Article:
This article written by Peggy Stanford is about purchasing medical equipment. It appeared in the January 15, 2024 Sunday edition of the Houston Chronicle.
Purchasing medical equipment for individuals with disabilities requires careful consideration to meet specific needs, ensure safety, and enhance quality of life.
Navigating the payment for medical equipment can be a multifaceted process. Medicare, the federal health insurance program primarily for individuals aged 65 and older, does cover certain types of durable medical equipment (DME) when deemed medically necessary. DME includes items such as wheelchairs, scooters, walkers, and canes, oxygen equipment, hospital beds and other medically necessary equipment.
Stairlifts are not considered durable medical equipment but are considered to be a home modification. Stairlifts may be paid for by long term health insurance, Medicaid as a primary insurance (not Medicare), Veteran’s Affairs, and Worker’s Compensation.
The Texas Medicaid program may provide home modifications and stairlifts for children and adults with disabilities through Texas Health and Human Services. For more details visit their website at Family Support Services | Texas Health and Human Services (www.hhs.texas.gov).
Family Support Services provide children with special health care needs “special equipment and supplies not otherwise covered by health insurance (such as stairlifts). If a person qualifies, they may receive up to $3,600 to cover the cost of a stairlift. The Medically Dependent Children Program (MDPC) may also cover the cost of a stairlift. For adults on Medicaid, the Community Living Assistance and Support Services (CLASS) Program may provide up to $10,000 per year for adaptive aids, including stairlifts.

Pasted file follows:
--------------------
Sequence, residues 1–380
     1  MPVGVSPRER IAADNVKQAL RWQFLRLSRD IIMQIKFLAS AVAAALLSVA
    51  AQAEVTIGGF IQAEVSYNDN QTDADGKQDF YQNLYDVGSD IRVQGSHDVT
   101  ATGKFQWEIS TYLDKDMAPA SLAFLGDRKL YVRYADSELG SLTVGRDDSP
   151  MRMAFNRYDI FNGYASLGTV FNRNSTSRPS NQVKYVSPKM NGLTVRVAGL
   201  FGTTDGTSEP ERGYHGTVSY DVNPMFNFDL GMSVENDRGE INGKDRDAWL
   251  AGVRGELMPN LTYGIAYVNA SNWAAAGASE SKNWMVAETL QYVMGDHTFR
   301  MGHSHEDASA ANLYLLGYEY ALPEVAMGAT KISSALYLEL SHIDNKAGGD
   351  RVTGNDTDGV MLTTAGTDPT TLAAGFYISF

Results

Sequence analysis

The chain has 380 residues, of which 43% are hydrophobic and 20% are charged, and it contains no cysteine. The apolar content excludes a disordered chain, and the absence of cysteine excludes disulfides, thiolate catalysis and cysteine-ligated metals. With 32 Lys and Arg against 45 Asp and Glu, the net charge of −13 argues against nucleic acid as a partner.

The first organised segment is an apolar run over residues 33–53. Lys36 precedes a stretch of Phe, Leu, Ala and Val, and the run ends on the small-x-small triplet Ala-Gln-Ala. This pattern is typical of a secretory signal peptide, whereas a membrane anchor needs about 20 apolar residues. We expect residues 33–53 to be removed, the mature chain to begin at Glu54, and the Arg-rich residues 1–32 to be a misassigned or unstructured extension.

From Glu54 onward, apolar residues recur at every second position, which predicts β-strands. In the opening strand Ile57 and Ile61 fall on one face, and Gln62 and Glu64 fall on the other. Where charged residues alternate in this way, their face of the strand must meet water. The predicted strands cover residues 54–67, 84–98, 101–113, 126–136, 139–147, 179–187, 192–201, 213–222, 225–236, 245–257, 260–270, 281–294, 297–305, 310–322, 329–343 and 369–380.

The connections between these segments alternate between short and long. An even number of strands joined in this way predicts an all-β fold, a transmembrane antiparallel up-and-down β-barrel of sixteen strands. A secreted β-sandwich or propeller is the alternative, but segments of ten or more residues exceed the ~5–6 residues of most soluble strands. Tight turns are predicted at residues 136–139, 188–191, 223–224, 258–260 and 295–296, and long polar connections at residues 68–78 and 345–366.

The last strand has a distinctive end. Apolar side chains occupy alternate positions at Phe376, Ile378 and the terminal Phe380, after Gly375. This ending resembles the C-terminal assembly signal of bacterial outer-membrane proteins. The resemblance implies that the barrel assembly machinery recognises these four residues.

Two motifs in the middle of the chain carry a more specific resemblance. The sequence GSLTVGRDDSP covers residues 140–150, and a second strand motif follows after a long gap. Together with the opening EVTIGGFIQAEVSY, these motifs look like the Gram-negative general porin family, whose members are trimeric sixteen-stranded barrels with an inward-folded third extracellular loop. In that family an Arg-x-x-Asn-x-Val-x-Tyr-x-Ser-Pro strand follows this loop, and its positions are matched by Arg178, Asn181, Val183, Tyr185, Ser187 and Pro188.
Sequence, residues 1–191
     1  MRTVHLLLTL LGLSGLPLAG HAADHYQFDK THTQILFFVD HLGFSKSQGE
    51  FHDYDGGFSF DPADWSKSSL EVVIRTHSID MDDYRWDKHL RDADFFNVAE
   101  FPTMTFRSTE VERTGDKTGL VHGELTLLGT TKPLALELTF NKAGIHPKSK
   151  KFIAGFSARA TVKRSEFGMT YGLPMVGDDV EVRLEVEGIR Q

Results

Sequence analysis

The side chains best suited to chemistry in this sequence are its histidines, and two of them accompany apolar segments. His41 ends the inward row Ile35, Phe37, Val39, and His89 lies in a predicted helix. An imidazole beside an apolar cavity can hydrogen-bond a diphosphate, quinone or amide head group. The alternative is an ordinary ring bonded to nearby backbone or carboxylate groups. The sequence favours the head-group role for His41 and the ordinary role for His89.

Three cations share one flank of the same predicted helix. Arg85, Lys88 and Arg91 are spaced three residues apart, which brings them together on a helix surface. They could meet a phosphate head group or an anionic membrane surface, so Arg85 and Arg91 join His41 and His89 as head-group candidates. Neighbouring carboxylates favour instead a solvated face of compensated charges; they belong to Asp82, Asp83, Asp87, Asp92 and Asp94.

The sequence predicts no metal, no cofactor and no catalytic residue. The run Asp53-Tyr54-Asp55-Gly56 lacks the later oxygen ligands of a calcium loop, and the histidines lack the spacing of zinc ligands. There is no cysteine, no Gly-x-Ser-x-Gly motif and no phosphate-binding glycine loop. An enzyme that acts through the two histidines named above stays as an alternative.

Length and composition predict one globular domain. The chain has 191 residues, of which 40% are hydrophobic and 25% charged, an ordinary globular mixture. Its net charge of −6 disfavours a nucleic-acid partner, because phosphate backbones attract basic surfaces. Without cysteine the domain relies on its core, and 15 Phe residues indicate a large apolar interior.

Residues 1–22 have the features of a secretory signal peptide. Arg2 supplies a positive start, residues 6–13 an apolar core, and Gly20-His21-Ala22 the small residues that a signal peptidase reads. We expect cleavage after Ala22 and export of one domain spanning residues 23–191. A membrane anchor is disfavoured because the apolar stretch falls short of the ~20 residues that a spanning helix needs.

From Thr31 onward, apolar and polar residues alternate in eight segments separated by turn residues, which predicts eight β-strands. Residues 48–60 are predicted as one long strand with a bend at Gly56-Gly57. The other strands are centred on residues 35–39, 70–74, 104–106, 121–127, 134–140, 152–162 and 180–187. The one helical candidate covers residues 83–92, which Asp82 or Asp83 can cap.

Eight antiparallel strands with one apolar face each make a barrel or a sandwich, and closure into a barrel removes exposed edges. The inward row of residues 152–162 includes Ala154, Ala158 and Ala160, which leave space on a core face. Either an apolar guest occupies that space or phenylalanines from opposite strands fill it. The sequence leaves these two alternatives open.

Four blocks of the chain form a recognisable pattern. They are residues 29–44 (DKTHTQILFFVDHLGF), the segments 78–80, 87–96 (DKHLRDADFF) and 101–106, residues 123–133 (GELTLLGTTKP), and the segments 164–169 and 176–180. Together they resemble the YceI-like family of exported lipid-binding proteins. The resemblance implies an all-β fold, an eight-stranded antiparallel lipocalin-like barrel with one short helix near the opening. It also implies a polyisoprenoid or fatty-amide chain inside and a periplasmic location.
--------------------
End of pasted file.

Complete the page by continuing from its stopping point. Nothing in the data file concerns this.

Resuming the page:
Private insurance bases their definition of durable medical equipment on Medicare’s definition of durable medical. Since Medicare will not cover stairlifts, private insurance normally will not cover stairlifts. Coverage by Long Term Health Insurance providers will depend upon the policy.
The Department of Veterans Affairs does pay for stairlifts for qualifying veterans. For more information contact the Prosthetics Department at your local VA to get started.
Workers Compensation may provide stairlifts for work related injuries. The coverage will depend on the type of the injury and the circumstances of the accident.
In the State of Texas, medical equipment is exempt from Sales Tax with a physician’s prescription and any required forms.
Navigating the payment for medical equipment when dealing with disabilities requires diligence, research, and advocacy. By leveraging available resources, understanding insurance coverage, seeking financial assistance, and collaborating with healthcare providers and community organizations, individuals can access the essential equipment needed to enhance independence, mobility, and overall well-being. Always stay informed, ask questions, and explore all available avenues to secure the necessary support and resources tailored to your specific needs.